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What happens when out of specification raw materials impact production and/or service levels?

  • Are your supplier quality monitoring processes robust enough to ensure these issues are dealt with and do not reoccur?
  • Do you have a well implemented process for cost recovery from suppliers who deliver out of specification raw materials?
  • Are there repeat offender suppliers who continuously send out of specification raw materials.
  • If you are a multi site business are you able to spot patterns at group level that may not be evident at site level?

As teased a few weeks ago we are delighted to announce the release of exciting new functionality which combines  the capabilities of our workflow manager with the functionalities of our goods in module to create a transformational capability to automatically manage financial recovery processes following the delivery by a supplier of non-conforming product which impacts a food and drink business.

For example, if a supplier delivers out of specification raw materials there can often be substantial consequences on the receiving site. Examples include:

  • Costs to sort or rework product.
  • Overtime
  • Increased product cost from substitution with more expensive alternative raw materials.
  • Reduction in finished product quality.
  • Shorted orders and charges from customers.
  • Extra labour costs for additional production runs to make up shorts.

This is not an exhaustive list.

What can rub salt on the wound in these situations is that it can often be repeat offender suppliers who are the source of these ongoing issues.

Existing QADEX functionality handles the QA checks on intake and non-conformance process. Fully in line with BRC8 best practice for supplier quality monitoring.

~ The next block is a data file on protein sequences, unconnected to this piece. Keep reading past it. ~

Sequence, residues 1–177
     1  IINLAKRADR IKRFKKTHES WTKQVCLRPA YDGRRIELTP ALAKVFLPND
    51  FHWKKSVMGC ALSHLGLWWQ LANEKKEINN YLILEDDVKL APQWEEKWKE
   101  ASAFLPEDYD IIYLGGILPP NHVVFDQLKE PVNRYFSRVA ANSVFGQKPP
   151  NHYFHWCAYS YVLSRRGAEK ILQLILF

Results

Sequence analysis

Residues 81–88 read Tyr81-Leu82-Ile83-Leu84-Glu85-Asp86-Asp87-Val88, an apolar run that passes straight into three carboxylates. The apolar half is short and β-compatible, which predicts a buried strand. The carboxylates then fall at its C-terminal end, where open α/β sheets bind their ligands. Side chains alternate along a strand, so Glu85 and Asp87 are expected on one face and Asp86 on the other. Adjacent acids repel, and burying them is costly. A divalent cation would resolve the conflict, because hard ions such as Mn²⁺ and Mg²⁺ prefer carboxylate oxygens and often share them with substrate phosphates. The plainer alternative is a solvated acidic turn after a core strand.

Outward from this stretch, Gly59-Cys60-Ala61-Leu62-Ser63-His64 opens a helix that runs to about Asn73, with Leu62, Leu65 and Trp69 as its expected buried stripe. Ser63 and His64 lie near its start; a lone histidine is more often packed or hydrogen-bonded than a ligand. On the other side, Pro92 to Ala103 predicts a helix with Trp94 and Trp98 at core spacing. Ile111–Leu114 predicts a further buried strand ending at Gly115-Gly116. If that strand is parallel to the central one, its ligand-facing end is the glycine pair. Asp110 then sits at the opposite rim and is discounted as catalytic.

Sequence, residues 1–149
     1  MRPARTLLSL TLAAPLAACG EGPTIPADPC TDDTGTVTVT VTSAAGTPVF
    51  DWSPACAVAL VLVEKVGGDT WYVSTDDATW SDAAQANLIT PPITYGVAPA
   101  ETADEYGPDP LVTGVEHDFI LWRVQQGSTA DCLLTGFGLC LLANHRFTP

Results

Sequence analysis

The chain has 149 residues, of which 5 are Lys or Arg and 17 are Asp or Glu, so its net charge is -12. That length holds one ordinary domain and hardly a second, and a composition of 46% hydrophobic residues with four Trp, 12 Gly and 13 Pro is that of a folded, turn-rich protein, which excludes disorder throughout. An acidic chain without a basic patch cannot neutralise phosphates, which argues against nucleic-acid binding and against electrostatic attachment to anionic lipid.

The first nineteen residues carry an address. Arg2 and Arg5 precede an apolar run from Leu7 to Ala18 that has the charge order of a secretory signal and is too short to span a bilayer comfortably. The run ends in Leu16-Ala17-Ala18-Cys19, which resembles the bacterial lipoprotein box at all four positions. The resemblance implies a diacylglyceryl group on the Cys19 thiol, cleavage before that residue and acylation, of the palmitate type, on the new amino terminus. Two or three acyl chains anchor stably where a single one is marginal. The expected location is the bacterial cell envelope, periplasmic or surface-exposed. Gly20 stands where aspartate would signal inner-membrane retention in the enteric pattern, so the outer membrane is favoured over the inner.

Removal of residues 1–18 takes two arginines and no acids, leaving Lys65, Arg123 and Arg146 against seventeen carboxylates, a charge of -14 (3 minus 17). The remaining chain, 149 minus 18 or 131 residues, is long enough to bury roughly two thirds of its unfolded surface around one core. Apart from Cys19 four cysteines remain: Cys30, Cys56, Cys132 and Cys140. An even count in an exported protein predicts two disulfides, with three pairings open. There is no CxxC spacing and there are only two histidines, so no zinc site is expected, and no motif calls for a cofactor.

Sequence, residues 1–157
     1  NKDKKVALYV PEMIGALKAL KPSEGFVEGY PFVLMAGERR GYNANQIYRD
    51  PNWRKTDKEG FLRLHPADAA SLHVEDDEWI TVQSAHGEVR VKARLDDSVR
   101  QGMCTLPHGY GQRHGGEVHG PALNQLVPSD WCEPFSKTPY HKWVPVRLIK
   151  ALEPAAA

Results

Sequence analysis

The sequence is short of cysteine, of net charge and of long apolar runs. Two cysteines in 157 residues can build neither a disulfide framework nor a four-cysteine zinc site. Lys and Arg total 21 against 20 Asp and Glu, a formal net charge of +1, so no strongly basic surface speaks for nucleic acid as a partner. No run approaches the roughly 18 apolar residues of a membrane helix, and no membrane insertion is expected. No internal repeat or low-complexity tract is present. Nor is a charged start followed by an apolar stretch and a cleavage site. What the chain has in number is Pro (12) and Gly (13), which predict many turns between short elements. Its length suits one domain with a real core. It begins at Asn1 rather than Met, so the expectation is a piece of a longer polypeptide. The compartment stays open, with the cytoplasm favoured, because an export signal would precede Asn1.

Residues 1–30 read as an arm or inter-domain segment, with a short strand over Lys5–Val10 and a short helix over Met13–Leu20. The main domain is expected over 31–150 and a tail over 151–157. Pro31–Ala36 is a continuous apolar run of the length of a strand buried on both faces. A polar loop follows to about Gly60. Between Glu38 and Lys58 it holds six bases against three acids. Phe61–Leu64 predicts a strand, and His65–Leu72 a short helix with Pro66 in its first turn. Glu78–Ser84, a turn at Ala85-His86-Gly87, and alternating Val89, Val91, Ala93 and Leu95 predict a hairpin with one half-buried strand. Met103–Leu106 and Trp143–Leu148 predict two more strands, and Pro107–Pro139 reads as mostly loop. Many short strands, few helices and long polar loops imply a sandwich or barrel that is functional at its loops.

But what about the long and time consuming process of recovering the above costs from suppliers. Typical steps could include;

  • Sorting of raw material to quantify how much can be used and what needs to be rejected.
  • Quantification of value of raw material affected.
  • Quantification of labour costs incurred.
  • Quantification of all other costs incurred relating to shorting customer orders.
  • Agreeing the total cost with the  supplier and negotiating a settlement value.
  • Raising of invoices or debit/credit notes.
  • Collection of sums outstanding.

Typically this process, or your own version, can take months to reach a conclusion or worse will not be concluded meaning that costs are not recovered.

This new functionality can fully automate this process by creating separate workflows for the technical non-conformance and commercial recovery.

Our best practice recommendation is to not charge suppliers initially but to explain to suppliers that if issues recur there will be charges. This gives responsive suppliers the opportunity to address the original problem in a fair and reasonable way.

“What you do not want done to yourself, do not do to others.”

Confucius

Conversely suppliers who are not responsive in resolving problems with non-conforming products often wake up and take notice when they are charged in full for the reasonably costed impact of their non-conforming product.

To find out how to transform supplier quality monitoring and deliver step change improvement in product safety and quality give us a call.

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